Canadian Labour Reporter

December 13, 2021

Canadian Labour Reporter is the trusted source of information for labour relations professionals. Published weekly, it features news, details on collective agreements and arbitration summaries to help you stay on top of the changing landscape.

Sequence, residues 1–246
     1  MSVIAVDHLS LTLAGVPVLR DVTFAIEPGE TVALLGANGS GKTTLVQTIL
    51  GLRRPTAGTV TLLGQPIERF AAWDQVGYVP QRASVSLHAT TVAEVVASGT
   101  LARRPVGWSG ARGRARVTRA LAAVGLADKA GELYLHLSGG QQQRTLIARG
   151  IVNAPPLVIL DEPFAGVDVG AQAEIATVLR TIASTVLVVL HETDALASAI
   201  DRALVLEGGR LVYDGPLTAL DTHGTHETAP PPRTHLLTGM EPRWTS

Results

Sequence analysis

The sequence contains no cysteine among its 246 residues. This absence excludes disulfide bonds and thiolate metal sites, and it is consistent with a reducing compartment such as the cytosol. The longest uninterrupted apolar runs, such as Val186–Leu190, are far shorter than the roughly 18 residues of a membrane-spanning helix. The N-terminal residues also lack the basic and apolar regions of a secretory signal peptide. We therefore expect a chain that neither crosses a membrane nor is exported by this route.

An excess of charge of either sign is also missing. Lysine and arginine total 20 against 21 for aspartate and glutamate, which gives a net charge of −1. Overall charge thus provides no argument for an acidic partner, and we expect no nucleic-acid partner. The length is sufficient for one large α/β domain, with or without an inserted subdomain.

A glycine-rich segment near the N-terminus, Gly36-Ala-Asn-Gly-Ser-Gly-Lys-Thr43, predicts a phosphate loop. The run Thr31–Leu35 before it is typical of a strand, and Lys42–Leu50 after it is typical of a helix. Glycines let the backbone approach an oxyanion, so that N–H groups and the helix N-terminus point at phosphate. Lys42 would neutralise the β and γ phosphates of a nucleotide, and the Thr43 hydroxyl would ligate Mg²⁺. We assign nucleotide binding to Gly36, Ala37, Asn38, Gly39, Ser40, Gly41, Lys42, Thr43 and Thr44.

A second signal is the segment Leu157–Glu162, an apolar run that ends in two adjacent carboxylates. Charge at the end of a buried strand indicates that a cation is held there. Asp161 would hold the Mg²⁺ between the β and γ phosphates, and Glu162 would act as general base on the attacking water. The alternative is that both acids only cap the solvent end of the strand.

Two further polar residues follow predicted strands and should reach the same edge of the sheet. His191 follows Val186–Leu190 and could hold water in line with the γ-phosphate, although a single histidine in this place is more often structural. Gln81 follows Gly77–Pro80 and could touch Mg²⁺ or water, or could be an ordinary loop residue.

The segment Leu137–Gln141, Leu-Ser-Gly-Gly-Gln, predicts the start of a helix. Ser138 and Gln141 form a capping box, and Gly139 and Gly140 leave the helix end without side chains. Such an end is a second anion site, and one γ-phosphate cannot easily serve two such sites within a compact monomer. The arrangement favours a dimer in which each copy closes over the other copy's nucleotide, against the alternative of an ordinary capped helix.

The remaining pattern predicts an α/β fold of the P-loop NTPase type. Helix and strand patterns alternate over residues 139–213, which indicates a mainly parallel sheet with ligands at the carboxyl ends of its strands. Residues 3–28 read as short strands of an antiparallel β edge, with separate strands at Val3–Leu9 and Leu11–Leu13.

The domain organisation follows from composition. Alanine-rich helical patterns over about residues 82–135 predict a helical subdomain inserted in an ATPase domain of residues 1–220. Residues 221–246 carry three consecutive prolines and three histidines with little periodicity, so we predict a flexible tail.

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In March 2020, a coworker who was friends with his girlfriend and had heard the worker had abused her confronted the work- er. According to the coworker, the worker called him vulgar names on multiple occasions after that. On March 14, the coworker tried to clear things up but the worker started insulting him and invited him to the parking lot to fight. They started arguing and name-calling but the coworker refused to fight. Three days later, the coworker alleged that the worker made threatening, stabbing motions to a slab of meat after making eye contact. Later that day, the worker in- sulted him and said, "Fight me." The coworker walked away but the worker continued to taunt him. A short time later, the worker came up to the coworker in a cor- ridor, kicked him in the back of his legs and called him more vul- gar names. The coworker became angry and tried to walk away but the worker tried to goad him into fighting. The coworker said that he had seen photos of bruises on the worker's girlfriend, to which the worker responded that he had naked pictures of the coworker's mother. The coworker reported the matter, acknowledging that he had been angry and called the worker names but the worker kept trying to provoke him. The worker denied calling the coworker names, challenging him to fight, kicking his legs, or stab- bing the meat in a threatening manner. He said there were back- and-forth insults, but that was it. Cargill terminated the worker for bullying. It didn't discipline the coworker because it deter- mined he had been provoked and he took responsibility for his be- haviour. The union grieved the dis- missal, noting that the coworker was not disciplined for his role in the conflict. The worker said they were both in the wrong but only one person was fired "for noth- ing." The arbitrator found that the worker wasn't credible and he showed a "willingness to say whatever he thought would as- sist him at the time he was being questioned." The arbitrator noted that there was "significant tension" and there were several incidents of name calling, but the worker escalated the incidents and kept trying to goad the coworker into a fight. However, much of this behaviour was provoked by the coworker "loudly and publicly ac- cusing [him] of abusive assault of his girlfriend," the arbitrator said. The arbitrator found that the coworker should not have brought "personal issues and alleged misconduct outside the workplace" into the workplace and the worker's reaction was understandable. However, the worker "was determined to cre- ate a confrontation with [the coworker] and he pursued that goal over many days," which "was no momentary loss of con- trol." The arbitrator determined that the worker's pattern of behaviour, his disciplinary history, his failure to accept responsibility, and his attitude demonstrated that the employment relationship was no longer viable. Although it wasn't fair that the coworker wasn't dis- ciplined, there was no reason to reinstate the worker, said the ar- bitrator. Reference: UFCW, Local 175 and Cargill. C. Michael Mitchell — arbitrator. Daniel Leone for employer. Matthew Jagodits for employee. Nov. 2, 2021. 2021 CarswellOnt 15374 manager and the head caretaker in advance of all asbestos work. The principal/site manager and the head caretaker are to inform their site staff and tenants who may be in close proximity to the planned asbestos work." The work area was sealed with no airflow to the rest of the build- ing and the project followed proper procedure set out in the Ontario Occupational Health and Safety Act (OHSA). On Sept. 21, the school hosted a curriculum night for parents in the evening. As with any after- hours event, the TDSB approved it and informed the caretaking staff so they knew who was in the building after hours. The next day, several teachers contacted the union's health and safety inspector to express con- cern that they weren't notified of the asbestos work. The inspector passed the con- cerns to the acting principal, who said that the work was already completed. She then forwarded a report to all staff that summa- rized the completion of the asbes- tos work and the air quality test- ing that had been done. The union filed a grievance al- leging that the TDSB failed to no- tify teachers about the asbestos removal work. It argued that it was possible for teachers to be in the building in the evenings when the work was performed, as they could sometimes stay past 6 p.m. — and several were at the curricu- lum night. The union further argued that the TDSB's guideline was unrea- sonable because it only required notice to people in close proxim- ity to the work, despite the fact that asbestos exposure presented a "severe health threat." The union also said that the OHSA and the collective agree- ment required employers to take all reasonable precautions in the circumstances, which the TDSB didn't in this case. The arbitrator noted that the OHSA and its regulation on as- bestos in building repairs re- quired notification of workers who performed work "in close proximity" to asbestos "and may disturb it." This excluded some- one in a different area of the building, the arbitrator said. "I note that the language con- templates that a worker must not only be in close proximity to the asbestos work, but their work activity itself is capable of disturbing the material," said the arbitrator. "This, in my view, would require the worker to be either within the enclosed space or at least close enough that they could still disturb the as- bestos." The arbitrator also found that the TDSB didn't violate its guide- line, which applied the same con- cept as the OHSA with regards to people in close proximity being informed. In addition, since there was no violation of the OHSA and the collective agreement followed the OHSA, there was no violation of the collective agreement. "I do not see how providing no- tice to teachers would have pro- tected their health and safety, giv- en the safety protocols that were already in place," said the arbitra- tor in dismissing the grievance. Reference: Toronto District School Board and OSSTF. Colin Johnston — arbitrator. Nadine Zacks, Rono Khan for employer. Andrea Wobick for employee. Nov. 3, 2021. 2021 CarswellOnt 15933 Requirement only for employees in close proximity to work Coworker should have been disciplined for multiple reasons < Asbestos pg. 1 < Fight pg. 1 December 13, 2021 8 Canadian HR Reporter, a Key Media Canada (HR) Ltd. business 2021